eof-nfl-draft-03242014

Sports drafts today are no longer something to read up on the morning after. Watching every development from the time the players arrive at their college training camps is almost a sport of its own now. There is an endless thirst for information about what the draft will do; fans of bad teams want to see where their hope may lie, and those on dominant teams want to get some personnel to stay on the winning track.

So we pore over every bit of information we can find, trying to identify the best choices for our teams to get a kick-start on our expectations. Here’s the framework of sports news sources for most eager draft watchers.

On The Tube

No other medium better covers the draft than the one that also covers the resulting games. And it’s no longer your grandfather’s draft–a long evening of cigarette-chugging GM’s picking up chunky corded phones and making last-minute deals.

Instead, everything from the earliest combines to the final word to Mr. Irrelevant gets air time; if you compare service from Direct TV to what carried Terry Bradshaw’s selection or even Eli Manning’s, you’ll see that the quantity of information available with immediate updates and amazing breadth of coverage today makes older drafts look like the 100th customer celebration at a small-town grocery store.

Today’s graphics power is unbelievable too. The always-showing score and time features on modern sports broadcasts reflect the improved resolution and clarity of modern TV signals and the sets (there it is again!) that receive them. With these sharp features–and massive screens to show them–we now have broadcasts filled with an endless array of scrolls, charts, timers, and teasers for upcoming features. Like watching one week of a soap opera, a cursory glance at the show gets you up to date almost instantly.

In Your Palm

What do you watch when the TV can’t come with you? Your mobile device, of course. Television does a great job of bringing it to you quickly and accurately–when you’re able to get to your set. (Remember when TV’s were called “television sets”?) But in between, such as when you’re at work, driving, or undergoing surgery, you can’t get access to sports broadcasts with any kind of breaking news about breaking bones.

So you tote your phone or tablet, and you monitor for breaking news about players, trades, and general wishy-washy GM behavior. Because these devices are interactive, you can zero in on the details that matter to you. This is a nice enhancement to watching TV; let the second-string brain cells monitor the broadcast while you swipe and scroll through the details on your favorite teams.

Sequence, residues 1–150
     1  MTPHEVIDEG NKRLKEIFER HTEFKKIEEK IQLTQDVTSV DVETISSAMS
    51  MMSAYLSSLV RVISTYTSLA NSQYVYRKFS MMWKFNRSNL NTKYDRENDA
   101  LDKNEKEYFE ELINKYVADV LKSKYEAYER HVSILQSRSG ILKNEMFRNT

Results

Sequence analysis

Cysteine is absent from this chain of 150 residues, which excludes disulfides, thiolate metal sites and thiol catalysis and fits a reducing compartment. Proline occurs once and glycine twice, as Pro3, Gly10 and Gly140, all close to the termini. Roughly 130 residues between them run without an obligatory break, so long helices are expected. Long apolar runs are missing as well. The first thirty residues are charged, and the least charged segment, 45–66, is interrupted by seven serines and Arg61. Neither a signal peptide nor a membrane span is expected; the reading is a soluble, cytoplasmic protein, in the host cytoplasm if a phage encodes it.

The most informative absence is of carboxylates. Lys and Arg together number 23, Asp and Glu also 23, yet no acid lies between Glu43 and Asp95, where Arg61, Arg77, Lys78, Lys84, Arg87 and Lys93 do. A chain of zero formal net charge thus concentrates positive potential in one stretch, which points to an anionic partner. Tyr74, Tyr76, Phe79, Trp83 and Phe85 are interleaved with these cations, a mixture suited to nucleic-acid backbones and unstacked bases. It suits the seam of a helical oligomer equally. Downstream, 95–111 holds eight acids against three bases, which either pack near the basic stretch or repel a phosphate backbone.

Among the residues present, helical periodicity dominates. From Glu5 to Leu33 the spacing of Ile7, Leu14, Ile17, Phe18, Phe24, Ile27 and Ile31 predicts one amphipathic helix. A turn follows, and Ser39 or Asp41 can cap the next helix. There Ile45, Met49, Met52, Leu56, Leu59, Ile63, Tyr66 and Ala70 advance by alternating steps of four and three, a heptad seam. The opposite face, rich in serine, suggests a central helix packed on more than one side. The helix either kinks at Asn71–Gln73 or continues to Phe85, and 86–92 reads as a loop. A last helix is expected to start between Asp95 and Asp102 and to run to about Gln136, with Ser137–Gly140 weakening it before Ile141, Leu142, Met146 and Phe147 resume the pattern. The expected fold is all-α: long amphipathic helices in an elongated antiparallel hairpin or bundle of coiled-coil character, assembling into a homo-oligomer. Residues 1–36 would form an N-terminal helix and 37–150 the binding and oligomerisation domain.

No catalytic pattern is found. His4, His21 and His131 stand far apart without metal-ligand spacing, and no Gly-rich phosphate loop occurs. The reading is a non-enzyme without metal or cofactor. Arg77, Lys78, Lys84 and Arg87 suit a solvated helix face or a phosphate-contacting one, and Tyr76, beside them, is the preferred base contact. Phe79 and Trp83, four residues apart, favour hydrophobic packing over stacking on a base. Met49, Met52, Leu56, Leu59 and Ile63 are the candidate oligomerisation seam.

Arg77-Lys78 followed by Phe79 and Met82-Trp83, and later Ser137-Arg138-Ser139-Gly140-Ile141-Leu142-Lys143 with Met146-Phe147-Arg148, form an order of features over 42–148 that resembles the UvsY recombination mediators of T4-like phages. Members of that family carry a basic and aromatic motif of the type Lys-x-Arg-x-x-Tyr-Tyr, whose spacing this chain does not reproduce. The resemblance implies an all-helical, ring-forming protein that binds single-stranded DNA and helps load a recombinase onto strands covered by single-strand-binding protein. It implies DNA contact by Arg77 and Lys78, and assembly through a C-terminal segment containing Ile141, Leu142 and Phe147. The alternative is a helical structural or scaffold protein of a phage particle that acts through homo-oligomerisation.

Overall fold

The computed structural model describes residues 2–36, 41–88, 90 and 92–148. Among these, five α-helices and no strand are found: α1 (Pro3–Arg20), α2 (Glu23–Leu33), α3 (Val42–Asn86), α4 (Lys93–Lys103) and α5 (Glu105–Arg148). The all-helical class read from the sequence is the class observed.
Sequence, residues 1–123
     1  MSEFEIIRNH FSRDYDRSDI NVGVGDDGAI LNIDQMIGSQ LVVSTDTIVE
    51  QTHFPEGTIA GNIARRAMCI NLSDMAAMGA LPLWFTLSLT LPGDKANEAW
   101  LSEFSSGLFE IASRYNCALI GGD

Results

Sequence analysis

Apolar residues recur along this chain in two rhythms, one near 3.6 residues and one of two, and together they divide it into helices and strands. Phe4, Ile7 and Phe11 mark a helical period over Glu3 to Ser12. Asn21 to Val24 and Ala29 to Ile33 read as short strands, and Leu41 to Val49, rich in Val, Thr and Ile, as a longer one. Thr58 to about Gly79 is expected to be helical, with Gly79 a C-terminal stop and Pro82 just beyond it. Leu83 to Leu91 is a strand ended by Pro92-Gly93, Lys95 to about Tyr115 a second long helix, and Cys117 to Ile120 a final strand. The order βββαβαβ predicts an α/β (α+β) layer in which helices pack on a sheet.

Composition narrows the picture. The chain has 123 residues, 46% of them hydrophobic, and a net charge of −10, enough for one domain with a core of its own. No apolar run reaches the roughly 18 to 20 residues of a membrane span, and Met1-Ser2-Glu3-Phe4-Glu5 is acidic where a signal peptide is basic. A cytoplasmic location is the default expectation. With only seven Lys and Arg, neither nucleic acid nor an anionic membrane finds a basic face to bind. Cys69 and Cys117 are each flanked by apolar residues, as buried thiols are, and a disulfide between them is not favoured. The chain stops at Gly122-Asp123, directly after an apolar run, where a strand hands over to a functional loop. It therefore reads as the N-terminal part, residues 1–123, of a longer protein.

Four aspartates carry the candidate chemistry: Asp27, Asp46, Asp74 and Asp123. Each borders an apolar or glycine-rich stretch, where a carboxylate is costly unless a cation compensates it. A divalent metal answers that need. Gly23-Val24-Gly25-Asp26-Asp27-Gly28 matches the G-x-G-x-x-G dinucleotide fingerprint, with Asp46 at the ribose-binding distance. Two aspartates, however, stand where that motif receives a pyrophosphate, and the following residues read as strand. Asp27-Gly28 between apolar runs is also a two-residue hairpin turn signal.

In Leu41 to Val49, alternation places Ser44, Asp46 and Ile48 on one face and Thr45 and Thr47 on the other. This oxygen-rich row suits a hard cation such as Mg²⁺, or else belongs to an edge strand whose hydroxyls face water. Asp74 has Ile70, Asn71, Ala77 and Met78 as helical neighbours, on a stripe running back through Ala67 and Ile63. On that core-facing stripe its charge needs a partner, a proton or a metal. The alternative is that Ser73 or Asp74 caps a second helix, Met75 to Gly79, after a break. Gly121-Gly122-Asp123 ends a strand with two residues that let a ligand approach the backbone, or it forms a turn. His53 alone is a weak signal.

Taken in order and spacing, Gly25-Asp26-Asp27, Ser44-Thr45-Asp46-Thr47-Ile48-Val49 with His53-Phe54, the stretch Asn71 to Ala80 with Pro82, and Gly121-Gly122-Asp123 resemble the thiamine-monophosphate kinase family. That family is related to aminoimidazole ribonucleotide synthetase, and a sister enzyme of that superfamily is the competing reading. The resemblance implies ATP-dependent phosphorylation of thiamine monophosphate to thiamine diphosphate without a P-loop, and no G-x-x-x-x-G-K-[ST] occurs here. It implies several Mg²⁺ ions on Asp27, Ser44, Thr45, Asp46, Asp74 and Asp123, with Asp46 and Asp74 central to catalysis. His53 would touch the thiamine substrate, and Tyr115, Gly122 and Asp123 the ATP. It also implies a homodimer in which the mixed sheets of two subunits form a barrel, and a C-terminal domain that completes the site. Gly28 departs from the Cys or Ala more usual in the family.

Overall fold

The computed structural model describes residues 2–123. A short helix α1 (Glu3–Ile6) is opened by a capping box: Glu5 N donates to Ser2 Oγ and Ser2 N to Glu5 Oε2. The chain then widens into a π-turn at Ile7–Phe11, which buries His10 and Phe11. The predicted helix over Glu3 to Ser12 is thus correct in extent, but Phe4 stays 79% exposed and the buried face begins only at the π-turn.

On Paper (Seriously)

The poor, poor newspaper. Perhaps the most high-profile victim of the proliferation of online news and entertainment, the daily rag has taken on an image of being too slow and too unhip.

But that image is far from the truth. As years have passed, newspapers have begun to incorporate social media, online content, and reader interaction to make their products more interesting and informative than ever. And when there are many column inches to fill on a daily deadline, newspaper writers can provide some compelling content on very short notice. Hence these are the writers who may be the quickest and most insightful when breaking stories emerge, because they are accustomed to processing news quickly and getting it published.

So! Your slippered trip to the front walk each morning can provide a lot more information than you give it credit for. Besides, how do you hang up a screen capture on your basement wall when your favorite goes #1?

The long and short of it is this: Whatever you want to know, and whenever you want to know it, you can find some means of accessing that information. There’s no reason to miss one iota of information about the draft.

You’re on the clock. April 30th is almost here.

Leave a Comment

Your email is never shared.
Required fields are marked *